In 1912, Yip Sang built a six-storey residence immediately behind and connected to his place of business on Pender Street for his family. His three living wives, with their respective children, each had a floor of their own. They were known by their maiden names of Dong, Wong and Chin, but everyone called them the First, Second and Third Lady.

A black and white photo of a three-story Victorian commercial building with a line of about a dozen-and-a-half figures in front with a horse-drawn cart.
Yip Sang and family in front of the Wing Sang building in 1902. On the outside, it looks largely the same today. Photo courtesy of the City of Vancouver Archives, AM1108-S4-: CVA 689-54.

Beyond his businesses, Yip Sang was also politically active and a community-minded philanthropist, helping establish the Chinese Empire Reform Association, the Chinese Benevolent Association, the Chinese School and the Chinese Hospital, which later became Mount Saint Joseph Hospital.

Education and health care were especially crucial at a time when the diaspora in Canada experienced exclusion. Yip Sang also donated money for schools and hospitals in Guangdong.

He was known as Chinatown’s unofficial mayor and was even questioned by prime minister Mackenzie King about the anti-Asian rioters that swept through the neighbourhood in 1907. A transcript of the exchange shows Yip Sang’s prowess in English as he lists his extensive assets.

But even a man of his stature was not invincible, says Linda. At best, Yip Sang was “tolerated” by the white establishment. She found records that he was held for four days in Victoria’s Chinese Detention Shed in 1914, an extension of ports for Chinese people without proper documentation. Ironically, the detention sheds were a customer of Yip Sang’s, who provided them with catering.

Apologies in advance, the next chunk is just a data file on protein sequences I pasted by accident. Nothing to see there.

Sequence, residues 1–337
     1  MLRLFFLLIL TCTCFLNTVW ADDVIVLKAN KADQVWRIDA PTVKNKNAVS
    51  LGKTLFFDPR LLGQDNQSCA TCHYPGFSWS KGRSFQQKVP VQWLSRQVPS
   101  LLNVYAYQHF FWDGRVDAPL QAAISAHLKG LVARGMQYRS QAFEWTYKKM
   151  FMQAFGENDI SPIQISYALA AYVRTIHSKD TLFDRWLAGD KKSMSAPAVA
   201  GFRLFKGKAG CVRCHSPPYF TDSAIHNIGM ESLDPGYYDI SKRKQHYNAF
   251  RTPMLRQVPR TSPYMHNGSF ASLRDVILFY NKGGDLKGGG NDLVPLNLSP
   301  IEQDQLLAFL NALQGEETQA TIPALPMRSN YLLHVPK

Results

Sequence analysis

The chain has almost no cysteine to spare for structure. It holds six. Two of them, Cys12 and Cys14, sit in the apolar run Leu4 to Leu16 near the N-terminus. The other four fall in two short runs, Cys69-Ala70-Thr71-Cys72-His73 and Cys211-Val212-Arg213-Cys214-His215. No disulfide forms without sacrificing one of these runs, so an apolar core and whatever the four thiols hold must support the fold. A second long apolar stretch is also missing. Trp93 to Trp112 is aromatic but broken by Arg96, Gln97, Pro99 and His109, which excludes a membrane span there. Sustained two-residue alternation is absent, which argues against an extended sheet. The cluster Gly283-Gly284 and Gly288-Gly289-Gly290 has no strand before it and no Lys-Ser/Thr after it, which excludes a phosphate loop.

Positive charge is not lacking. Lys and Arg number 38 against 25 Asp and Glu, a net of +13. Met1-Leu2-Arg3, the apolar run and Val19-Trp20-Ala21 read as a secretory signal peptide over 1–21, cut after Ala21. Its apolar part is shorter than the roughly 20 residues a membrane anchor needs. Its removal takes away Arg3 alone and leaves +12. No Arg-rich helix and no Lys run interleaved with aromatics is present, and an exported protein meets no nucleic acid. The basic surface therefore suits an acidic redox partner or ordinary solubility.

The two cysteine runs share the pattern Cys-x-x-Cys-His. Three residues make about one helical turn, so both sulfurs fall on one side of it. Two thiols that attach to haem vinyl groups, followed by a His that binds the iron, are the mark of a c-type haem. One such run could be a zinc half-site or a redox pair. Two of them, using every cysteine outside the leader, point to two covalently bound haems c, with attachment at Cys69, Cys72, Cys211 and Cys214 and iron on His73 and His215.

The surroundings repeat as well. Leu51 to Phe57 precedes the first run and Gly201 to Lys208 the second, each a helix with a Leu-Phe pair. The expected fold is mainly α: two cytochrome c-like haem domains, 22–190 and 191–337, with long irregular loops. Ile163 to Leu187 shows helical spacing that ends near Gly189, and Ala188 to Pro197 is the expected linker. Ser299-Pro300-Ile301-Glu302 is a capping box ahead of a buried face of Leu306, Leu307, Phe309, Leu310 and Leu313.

In 1925, the Grand Old Man had a grand old party for his 80th birthday. He hosted festivities across Chinatown, with 1,200 dinner guests across eight restaurants. It was a larger affair than the 2023 Yip family reunion.

In 1927, Yip Sang died at 81 years old from complications resulting from an old gastric ulcer. At a time when others from China sent their bones overseas, he was buried in Vancouver’s Mountain View Cemetery, cementing his place in Canada.

A black-and-white photo of a funeral profession with men in suits and top hats beside a hearse.
Yip Sang’s funeral procession had two marching bands, a 125-car motorcade and 400 floral tributes. Photo courtesy of the City of Vancouver Archives, AM1108-S4---: CVA 689-142.

So what happened to all the money?

“I’ve been asked that several times and I’m curious myself,” says Linda. “To people outside the walls of Wing Sang, he was fabulously wealthy.”

Linda has a few theories. When the Chinese Exclusion Act came into effect, officially known as the Chinese Immigration Act of 1923, she believes that the import and export business was hit by a reduction in the number of ships coming into port. The travel and immigration business would also have been hit due to tightening borders, which were essentially closed.

“I think the Yips were used to a fancy, high falutin’ way of life,” she says. “For example, their assumption that they could travel back and forth to Hong Kong, visit family and party, to get wives — all of that was expensive. I have pictures from the 1910s. There’s one in 1917 where everyone’s in lace, they’re having garden parties.”

What money that was left would’ve been divided into many portions between the 18 out of 19 living sons and trustees of his businesses. While many of them were successful, none of them ascended to the status of Yip Sang.

“I don’t think it takes very long before all that dissipates,” says Linda.

House of the Yips